There has been much celebration from liberals and many segments of the left over President Trump’s recent suspensions from Twitter, Facebook, Twitch, and Spotify1and presumably Letterboxd and Grindr too—as well as Reddit groups associated with him. This came after his supporters stormed the capitol on January 6th, leaving six people dead, including one woman who seems to have been summarily executed by Capitol police. Many have defended or even praised the companies—especially Twitter—on the basis that the President has repeatedly violated their terms of service. However, it is important to note that the suspension did not come until now. There are two reasons for this. The first is that the Presidential election results which declared Joe Biden the winner were finally certified, the precise thing his supporters were trying to stop, meaning that Trump is officially on his way out the door, and does not have time to use state power against them in retribution. The second is that the storming of the capitol itself was an unprecedented event in American history. Although the protestors came from a mix of reactionary and often outlandish political views, what they hold in common—apart from their support from Donald Trump—is that they reject the legitimacy of American Democracy, an institution that serves Silicon Valley much better than it serves the rest of us.
The corporate discipline did not stop with Trump’s accounts. Parler, a Twitter-esque platform that emphasizes (in its own words) “Free Speech,” and has a largely right-wing user base, has already been removed from the Google and Apple app stores after being given 24 hours to implement stricter moderation policies. It is also being booted off Amazon’s web hosting service and will be shut down today unless it can find another company to take it on. This is a direct and coordinated intrusion of the technology industry into the political sphere. But why? Despite the absurdity and indefensible nature of the Q-anon Conspiracy Theory and other far-right currents within the Trump movement, it is undeniable that this political force is a greater threat to the stability upon which the speculation-based technology industry depends. Corporations are not doing this out of the goodness of their hearts, a disdain for fascism, or a love of democracy. Twitter, Facebook, and Apple would gladly support a more stabilizing and coherent form of fascism if bourgeois liberal democracy started producing results that might threaten their bottom line.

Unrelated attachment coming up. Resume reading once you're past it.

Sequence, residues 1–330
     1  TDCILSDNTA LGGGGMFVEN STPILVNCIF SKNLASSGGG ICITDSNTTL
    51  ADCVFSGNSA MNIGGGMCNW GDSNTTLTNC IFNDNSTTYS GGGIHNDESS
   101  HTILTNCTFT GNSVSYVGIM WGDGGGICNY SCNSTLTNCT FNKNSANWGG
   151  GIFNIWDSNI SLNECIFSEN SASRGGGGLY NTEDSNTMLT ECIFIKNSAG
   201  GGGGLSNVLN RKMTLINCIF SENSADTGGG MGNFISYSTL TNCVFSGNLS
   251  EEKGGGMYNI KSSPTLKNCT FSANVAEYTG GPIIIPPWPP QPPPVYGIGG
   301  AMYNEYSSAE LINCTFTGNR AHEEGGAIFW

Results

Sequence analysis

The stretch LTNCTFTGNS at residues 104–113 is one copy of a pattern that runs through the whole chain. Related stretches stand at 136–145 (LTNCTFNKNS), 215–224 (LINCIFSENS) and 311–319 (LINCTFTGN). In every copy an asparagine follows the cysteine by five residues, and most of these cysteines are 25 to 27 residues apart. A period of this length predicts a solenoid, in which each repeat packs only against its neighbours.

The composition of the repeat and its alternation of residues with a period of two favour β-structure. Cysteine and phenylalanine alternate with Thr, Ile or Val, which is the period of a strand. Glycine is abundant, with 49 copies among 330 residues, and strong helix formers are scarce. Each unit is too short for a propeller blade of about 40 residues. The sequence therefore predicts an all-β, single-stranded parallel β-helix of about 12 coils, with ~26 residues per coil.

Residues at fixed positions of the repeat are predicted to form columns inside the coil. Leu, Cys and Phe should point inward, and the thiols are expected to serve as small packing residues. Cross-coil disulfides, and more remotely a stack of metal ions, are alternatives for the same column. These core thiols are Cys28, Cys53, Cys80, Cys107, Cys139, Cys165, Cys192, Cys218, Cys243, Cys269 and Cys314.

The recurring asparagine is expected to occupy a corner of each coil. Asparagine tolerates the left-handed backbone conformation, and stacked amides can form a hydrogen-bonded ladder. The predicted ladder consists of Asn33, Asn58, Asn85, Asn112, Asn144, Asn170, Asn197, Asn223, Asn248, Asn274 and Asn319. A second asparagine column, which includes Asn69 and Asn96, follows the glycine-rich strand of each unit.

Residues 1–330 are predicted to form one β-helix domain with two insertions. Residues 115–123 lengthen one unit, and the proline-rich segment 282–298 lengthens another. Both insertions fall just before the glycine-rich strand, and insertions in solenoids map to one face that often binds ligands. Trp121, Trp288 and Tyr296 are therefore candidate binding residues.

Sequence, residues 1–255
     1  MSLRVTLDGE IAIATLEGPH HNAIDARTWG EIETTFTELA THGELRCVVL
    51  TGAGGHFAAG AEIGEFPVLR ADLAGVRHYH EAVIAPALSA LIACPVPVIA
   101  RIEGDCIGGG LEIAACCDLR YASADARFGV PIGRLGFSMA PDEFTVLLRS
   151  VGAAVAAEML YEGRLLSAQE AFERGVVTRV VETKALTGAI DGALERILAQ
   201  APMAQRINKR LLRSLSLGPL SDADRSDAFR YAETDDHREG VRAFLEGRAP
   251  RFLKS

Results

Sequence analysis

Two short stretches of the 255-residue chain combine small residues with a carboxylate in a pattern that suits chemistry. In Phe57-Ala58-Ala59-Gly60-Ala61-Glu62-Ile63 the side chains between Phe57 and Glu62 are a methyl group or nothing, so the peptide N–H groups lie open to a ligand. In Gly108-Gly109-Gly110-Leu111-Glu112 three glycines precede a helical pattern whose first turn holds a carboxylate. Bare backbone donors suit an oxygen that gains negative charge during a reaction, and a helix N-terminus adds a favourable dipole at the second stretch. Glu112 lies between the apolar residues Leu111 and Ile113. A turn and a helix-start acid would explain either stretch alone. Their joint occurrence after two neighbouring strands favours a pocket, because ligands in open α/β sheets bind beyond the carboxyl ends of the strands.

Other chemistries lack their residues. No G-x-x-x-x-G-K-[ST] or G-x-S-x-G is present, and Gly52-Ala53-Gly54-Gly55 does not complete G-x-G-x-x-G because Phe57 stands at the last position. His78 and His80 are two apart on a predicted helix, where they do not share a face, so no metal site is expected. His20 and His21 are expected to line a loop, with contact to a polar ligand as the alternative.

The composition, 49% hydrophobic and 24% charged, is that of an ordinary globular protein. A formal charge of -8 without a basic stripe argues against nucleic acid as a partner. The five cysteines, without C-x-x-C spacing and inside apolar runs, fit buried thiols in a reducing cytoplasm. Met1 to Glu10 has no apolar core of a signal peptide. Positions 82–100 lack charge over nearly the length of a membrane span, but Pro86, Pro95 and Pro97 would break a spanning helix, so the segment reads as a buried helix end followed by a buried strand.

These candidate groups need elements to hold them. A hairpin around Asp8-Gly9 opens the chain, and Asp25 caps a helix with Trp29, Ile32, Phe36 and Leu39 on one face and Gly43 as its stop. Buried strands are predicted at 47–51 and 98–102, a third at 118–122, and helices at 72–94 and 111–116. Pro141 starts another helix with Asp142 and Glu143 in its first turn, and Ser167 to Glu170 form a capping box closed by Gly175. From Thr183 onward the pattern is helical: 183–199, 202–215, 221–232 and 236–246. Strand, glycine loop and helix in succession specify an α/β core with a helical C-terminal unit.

The links between Silicon Valley and the National Security State have always been clear, and in a post-Citizens United World, the tech industry can buy any election they want. It should come as no coincidence that Big Tech donated record-breaking amounts of money to the Biden campaign, which will soon take office. People are increasingly making demands of technology companies, pushing them into becoming “more socially responsible,” by moderating their sites or forcing their employees to sit through HR sessions filled with academic jargon seemingly designed to make them nervous and distrustful of their co-workers.
More likely though, is that in an increasingly monopolized economy there is no difference between state and corporate power. The neoliberal project has not been so successful that the state has withered away and been replaced by business, but rather big business has melded with the state. Increasingly, people are turning to corporations to fulfill basic state functions and pressure them to enact social change, or at least pretend to. Meanwhile, the state fulfills the needs of the corporation. Corporate censorship is tantamount to government censorship in a society where the powers of the state and big business are so totally intertwined. To excuse one but not the other is to mystify this reality. It is dangerous and short-sighted. A populist left is badly needed and would not only stabilize the market but also directly target the new robber barons of the technology industry. But after witnessing many self-proclaimed socialists encourage the political interference and corporate power flex of the last few days, it is difficult to imagine one coming to fruition any time soon.
|↑1||and presumably Letterboxd and Grindr too|